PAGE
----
The independence of European Union (EU) anti-fraud unit OLAF is likely to be
curbed by reforms proposed by the European Commission, which is keen to avoid
future scandals such as that involving statistical agency Eurostat.
In that case, problems dragged on because OLAF inquiries were kept secret,
but under the new proposals, institutions affected by an alleged fraud would
have to be alerted about any OLAF investigation.
The subject of any inquiries would also be disclosed, allowing them to make
their own case before the police or other authorities were informed.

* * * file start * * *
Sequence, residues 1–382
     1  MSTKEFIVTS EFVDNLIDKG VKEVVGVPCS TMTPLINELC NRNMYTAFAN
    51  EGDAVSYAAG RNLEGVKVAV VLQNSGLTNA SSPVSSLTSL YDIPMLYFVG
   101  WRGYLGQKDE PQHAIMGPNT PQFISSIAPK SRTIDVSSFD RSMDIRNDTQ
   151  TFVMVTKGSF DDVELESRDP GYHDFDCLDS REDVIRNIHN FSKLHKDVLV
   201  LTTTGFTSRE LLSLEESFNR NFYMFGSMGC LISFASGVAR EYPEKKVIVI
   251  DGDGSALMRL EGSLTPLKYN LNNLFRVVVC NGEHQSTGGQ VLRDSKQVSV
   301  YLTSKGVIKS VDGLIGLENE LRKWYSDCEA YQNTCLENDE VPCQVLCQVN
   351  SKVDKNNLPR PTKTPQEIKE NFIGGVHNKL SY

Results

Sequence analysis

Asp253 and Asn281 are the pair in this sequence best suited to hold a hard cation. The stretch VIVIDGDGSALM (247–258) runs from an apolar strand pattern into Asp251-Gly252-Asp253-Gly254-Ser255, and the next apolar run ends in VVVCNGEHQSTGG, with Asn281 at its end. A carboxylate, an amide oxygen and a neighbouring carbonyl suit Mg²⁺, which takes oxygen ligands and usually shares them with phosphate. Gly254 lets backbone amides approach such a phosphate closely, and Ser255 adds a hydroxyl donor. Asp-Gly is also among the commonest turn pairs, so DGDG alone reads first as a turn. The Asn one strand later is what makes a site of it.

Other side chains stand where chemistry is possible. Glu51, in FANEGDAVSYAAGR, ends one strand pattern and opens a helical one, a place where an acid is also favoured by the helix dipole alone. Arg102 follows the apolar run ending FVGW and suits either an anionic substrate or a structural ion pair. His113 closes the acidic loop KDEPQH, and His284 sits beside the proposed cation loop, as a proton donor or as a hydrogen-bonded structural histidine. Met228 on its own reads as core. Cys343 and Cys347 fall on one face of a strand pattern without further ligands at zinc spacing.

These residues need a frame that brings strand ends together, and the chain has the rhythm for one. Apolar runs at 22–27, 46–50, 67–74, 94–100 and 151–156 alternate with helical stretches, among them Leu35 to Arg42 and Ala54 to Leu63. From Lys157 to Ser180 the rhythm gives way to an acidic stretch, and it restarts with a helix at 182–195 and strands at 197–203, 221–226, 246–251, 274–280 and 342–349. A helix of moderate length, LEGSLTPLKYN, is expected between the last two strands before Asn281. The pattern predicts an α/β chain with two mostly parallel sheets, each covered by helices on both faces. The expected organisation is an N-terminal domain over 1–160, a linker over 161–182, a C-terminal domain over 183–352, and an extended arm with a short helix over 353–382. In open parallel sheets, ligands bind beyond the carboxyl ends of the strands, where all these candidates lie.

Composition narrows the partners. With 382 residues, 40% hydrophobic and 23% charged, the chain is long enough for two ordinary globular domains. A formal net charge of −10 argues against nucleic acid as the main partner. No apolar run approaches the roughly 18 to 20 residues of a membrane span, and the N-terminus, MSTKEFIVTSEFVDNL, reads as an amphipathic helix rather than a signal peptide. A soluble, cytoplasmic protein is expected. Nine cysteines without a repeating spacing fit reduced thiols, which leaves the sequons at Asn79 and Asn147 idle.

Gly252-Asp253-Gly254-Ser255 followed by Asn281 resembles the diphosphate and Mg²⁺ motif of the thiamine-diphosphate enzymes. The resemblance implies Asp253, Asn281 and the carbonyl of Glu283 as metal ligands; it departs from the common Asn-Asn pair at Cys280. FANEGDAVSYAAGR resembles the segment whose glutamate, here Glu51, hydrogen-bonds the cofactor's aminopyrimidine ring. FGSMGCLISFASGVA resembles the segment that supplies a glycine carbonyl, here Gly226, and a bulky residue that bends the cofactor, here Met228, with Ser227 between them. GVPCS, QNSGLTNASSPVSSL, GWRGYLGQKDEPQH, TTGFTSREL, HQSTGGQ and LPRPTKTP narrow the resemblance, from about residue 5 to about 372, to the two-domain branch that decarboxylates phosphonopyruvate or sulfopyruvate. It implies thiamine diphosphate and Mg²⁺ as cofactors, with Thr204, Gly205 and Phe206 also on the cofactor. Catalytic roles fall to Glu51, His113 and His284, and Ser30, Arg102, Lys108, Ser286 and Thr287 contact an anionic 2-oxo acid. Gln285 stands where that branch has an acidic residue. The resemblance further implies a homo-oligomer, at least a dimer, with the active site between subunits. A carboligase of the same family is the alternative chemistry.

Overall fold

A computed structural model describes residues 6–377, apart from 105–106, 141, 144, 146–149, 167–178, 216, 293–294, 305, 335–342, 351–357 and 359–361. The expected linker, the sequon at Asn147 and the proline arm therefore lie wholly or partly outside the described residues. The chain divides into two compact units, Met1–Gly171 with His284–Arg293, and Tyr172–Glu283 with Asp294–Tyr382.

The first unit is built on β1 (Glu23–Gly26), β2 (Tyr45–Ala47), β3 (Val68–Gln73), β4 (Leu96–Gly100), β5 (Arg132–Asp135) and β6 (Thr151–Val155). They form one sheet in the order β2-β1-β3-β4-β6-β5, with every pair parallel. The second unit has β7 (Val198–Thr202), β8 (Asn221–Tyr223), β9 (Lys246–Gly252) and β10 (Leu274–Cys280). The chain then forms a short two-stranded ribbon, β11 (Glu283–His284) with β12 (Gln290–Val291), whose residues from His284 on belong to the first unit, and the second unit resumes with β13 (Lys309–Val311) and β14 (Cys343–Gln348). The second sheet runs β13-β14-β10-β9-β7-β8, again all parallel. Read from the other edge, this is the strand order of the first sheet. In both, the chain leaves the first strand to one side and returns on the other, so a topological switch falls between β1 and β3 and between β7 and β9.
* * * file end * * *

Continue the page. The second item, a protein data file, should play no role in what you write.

EU anti-fraud Commissioner Siim Kallas said: ‘All these measures will
strengthen OLAF as a pillar of public trust in the fight against fraud and
However, critics are bound to focus on OLAF’s loss of independence, and point
to claims that the recent reappointment of a politically weak Franz-Hermann
Brüner as director general could lead to OLAF losing some autonomy.
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